Pangolins are more S’porean than otters & deserve more TLC from us

Do you know your fellow Singaporeans well enough?

Zhangxin Zheng |Sponsored | March 5, 07:10 pm

Do you know what pangolins are?

No? We guessed as much.

Most of us are probably more familiar with these two ‘pangolins’:

Image from Pokemonpets.

Is Sandshrew your Pokémon bias?

Screengrab from Toggle.

And Xie Shaoguang as a pangolin in the Channel 8 show, Legend of the Eight Immortals.

But we digress.

Pangolins aren’t mystical or fictional, and definitely not evil like the Channel 8 version.

In fact, some of them are actually native to Singapore – the Sunda pangolins.

Here’s how Singaporean they are.

Born and bred in +65

Sunda pangolins are born and bred Singaporeans.

Since we are commemorating the bicentennial, it’s perhaps interesting to note that Sunda pangolins probably called this island home before Raffles came.

Their postal code? Forested areas like Central Catchment Nature Reserve and Bukit Timah Nature Reserve.

Which means pangolins are way harder to spot, unlike the otters.

However, they are occasionally spotted in residential areas taking a leisurely stroll.

Photo by WRS.

Paiseh and low-key

One of the reasons why you don’t see them as often is also because they are naturally shy.

Pangolins in Singapore prefer to lead a low-key life by staying away from the limelight.

When spotted by human-beings who just want to befriend them, they are often in a hurry to scurry back to the forest.

Like this:

(Video from Peanuts Lee at Bukit Brown Cemetery, via Beng Tang)

Sorry to disturb your morning walk, bruh.

That aside, another reason is that there are very few of them left, not only in Singapore, but globally.

Pangolins are made increasingly vulnerable in Singapore due to the loss of forested areas from our rapid urbanisation.

As such, they tend to wander into urban areas where they might get into accidents.

So remember to slow down when driving near forested areas.

Photo by WRS.

Nocturnal & poor eyesight

Pangolins have extremely poor eyesight too, just like us Singaporeans.

Singapore has one of the highest rates of myopia, over 80 percent of adults are short-sighted.

However, pangolins did not ruin their eyesight from too much screen time but because they are nocturnal animals.

Their eyes are much smaller compared to the rest of their body but they have a keen sense of smell.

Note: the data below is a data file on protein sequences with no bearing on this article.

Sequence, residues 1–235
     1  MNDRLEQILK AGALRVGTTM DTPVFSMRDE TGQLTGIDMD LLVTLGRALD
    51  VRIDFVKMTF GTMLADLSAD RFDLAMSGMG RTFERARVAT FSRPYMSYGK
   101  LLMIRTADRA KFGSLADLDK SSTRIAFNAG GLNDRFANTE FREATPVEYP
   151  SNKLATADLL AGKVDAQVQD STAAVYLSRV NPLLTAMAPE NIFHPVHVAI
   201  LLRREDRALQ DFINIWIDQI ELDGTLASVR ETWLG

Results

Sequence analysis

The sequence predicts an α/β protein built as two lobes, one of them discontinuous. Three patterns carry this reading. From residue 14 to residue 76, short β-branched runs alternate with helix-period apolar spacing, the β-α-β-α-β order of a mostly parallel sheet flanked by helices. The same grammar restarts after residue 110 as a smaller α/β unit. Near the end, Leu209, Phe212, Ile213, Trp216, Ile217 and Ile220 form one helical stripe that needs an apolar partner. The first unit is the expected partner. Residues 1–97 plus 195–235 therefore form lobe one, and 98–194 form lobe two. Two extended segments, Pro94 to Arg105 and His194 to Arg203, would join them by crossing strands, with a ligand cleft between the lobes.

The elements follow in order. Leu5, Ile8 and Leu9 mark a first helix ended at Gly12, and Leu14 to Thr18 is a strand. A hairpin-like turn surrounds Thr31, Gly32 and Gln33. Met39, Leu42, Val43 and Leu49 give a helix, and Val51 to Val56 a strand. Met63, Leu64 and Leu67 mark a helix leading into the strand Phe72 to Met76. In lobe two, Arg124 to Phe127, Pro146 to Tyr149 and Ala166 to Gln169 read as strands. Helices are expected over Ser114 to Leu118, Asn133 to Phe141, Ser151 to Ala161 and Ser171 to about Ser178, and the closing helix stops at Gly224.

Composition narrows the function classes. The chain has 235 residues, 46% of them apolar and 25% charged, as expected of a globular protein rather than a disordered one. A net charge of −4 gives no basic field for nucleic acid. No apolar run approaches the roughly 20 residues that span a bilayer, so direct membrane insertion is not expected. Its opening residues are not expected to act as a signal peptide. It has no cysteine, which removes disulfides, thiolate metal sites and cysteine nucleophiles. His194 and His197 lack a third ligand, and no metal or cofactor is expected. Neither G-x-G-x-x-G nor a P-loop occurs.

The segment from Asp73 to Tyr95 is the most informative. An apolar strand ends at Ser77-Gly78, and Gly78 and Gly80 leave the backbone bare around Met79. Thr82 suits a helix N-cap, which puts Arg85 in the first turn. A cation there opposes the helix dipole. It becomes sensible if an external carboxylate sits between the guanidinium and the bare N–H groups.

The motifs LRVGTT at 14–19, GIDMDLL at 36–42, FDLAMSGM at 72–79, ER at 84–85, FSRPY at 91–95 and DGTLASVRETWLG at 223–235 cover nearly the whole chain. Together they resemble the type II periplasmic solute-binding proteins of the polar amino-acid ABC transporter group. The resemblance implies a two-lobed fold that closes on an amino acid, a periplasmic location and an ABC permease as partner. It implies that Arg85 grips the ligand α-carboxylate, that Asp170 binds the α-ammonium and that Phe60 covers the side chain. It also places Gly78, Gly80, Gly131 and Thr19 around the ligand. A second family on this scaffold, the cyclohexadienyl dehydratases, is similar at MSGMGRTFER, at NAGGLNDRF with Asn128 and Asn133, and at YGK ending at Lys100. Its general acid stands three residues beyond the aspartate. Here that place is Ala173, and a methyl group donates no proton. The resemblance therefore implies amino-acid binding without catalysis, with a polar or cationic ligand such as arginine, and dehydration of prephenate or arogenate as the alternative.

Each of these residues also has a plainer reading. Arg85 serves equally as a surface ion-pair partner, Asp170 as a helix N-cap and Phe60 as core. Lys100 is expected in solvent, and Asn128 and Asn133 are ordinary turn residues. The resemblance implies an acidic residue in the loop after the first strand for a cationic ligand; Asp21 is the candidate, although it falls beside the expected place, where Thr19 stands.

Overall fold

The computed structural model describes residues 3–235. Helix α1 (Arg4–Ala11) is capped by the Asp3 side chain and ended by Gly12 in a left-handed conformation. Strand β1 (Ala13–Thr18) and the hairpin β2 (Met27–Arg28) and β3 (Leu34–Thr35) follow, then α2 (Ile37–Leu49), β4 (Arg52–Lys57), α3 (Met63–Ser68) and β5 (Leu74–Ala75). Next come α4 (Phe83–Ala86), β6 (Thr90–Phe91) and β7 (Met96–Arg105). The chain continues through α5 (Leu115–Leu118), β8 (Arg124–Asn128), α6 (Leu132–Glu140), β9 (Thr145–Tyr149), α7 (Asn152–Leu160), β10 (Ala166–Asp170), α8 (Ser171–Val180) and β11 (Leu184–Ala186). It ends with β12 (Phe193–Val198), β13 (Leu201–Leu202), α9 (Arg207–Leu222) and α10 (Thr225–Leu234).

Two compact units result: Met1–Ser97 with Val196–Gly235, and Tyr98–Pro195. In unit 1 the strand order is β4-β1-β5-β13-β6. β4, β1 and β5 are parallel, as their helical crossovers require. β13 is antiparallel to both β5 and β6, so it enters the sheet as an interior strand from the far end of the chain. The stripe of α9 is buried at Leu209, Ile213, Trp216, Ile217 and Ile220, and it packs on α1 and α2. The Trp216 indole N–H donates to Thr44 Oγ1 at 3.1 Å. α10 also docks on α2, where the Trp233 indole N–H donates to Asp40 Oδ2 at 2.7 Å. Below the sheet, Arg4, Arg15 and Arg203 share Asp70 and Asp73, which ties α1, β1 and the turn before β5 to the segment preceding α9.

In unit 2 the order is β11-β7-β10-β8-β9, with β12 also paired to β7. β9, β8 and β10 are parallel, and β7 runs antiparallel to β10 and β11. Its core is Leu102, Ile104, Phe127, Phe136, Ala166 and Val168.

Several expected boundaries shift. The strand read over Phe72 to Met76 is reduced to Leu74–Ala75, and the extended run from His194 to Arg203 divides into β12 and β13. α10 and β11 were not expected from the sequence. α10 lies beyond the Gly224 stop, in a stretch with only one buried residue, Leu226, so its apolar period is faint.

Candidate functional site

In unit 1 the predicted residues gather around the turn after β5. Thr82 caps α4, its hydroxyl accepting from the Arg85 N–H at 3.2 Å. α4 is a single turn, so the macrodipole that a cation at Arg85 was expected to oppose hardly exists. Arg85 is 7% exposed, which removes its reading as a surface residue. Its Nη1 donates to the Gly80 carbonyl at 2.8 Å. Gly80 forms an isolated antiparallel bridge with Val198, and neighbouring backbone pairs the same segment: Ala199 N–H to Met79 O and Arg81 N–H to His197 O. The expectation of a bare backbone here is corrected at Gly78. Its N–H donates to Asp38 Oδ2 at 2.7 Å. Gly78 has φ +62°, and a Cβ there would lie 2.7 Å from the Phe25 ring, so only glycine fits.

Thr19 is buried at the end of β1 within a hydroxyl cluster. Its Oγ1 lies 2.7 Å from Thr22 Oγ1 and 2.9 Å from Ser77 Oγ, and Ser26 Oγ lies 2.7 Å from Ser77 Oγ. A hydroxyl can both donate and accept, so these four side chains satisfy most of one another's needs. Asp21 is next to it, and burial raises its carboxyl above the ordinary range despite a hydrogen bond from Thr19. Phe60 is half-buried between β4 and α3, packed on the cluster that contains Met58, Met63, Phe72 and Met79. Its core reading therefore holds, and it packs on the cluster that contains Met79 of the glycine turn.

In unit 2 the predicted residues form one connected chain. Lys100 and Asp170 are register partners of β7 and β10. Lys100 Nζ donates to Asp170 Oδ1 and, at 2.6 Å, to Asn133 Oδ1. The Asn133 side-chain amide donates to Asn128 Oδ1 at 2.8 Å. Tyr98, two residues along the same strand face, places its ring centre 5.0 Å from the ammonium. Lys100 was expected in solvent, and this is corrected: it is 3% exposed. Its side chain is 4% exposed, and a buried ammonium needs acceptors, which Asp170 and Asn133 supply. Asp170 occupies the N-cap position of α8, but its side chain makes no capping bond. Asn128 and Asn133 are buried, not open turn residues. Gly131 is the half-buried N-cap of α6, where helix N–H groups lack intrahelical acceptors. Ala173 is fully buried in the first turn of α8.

Pangolins in Singapore forage for food such as ants and termites or dig their burrows at night, just like Singaporeans with our late-night snacking.

(Video by NParks)

High fibre, high protein diet

Singaporeans have a similar diet to Pangolins as well.

For those who enjoy your acai bowl and protein shakes, pangolins are also much like you with their high fibre, high protein insect-based diet.

Here’s something interesting — they are such picky eaters that the zookeepers have to revise their menu for these folks at the Night Safari over time.

Now they enjoy porridge with crude fibre made from grounded termite mounds and ant eggs.

Stop at two

Like many Singaporeans who want to have children, one or two is also enough for Pangolins.

However, giving birth to one or two Pangopups is not enough to boost their low population, sounds familiar?

However, with just one or two Pangopups, Pangoparents make sure they spend quality bonding time with their precious ones by carrying them on their tail as they travel around.

Photo by WRS.

Or for a stroll.

Baby pangolin clings onto mummy’s tail as they take early morning stroll in Singapore Zoo

Pangolin parents also take education seriously.

Here they are, enrolling in universities.

Pangolin strolls down stairs at NUS University Town like a real degree holder

Silly pangolin lost its way in NTU, helped back into wild by kind humans from Acres


Defence mechanism

So how do pangolins deal with stress? They curl into a ball to protect their soft underbelly.

Photo by WRS.
Photo by WRS.

Like this:

Or this:

However, curling into a ball isn’t really a practical defence strategy for neither us nor the pangolins.


Share some love with these Singaporeans

Now that you’ve learnt more about this group of Singaporeans, do share some love for Sunda pangolins.

Here’s one way you can do so: Share this image with the hashtag – #TogetherForWildlife and include the following caption:

Did you know that pangolins in Singapore are critically endangered? Like this post and share it on Instagram with #TogetherForWildlife to raise awareness for pangolins.
For every post, @wrs.ig will pledge $1 towards wildlife conservation this March. @[friend] and @[friend]., join me and together, let’s scale up our love for pangolins!

Like this:

Do remember to keep your profile public so that your pledge can be seen!

For more information, please go to www.togetherforwildlife.sg.


Top photo from Toggle and WRS

This sponsored post is brought to you by the Wildlife Reserves Singapore who loves pangolins and all animals. Of course.

About Zhangxin Zheng

Zhangxin’s favourite pastime is singing Mulan’s soundtrack in the mangrove forests. She hopes to perfect the art of napping in a hammock in the mangroves without being drowned by rising sea levels.

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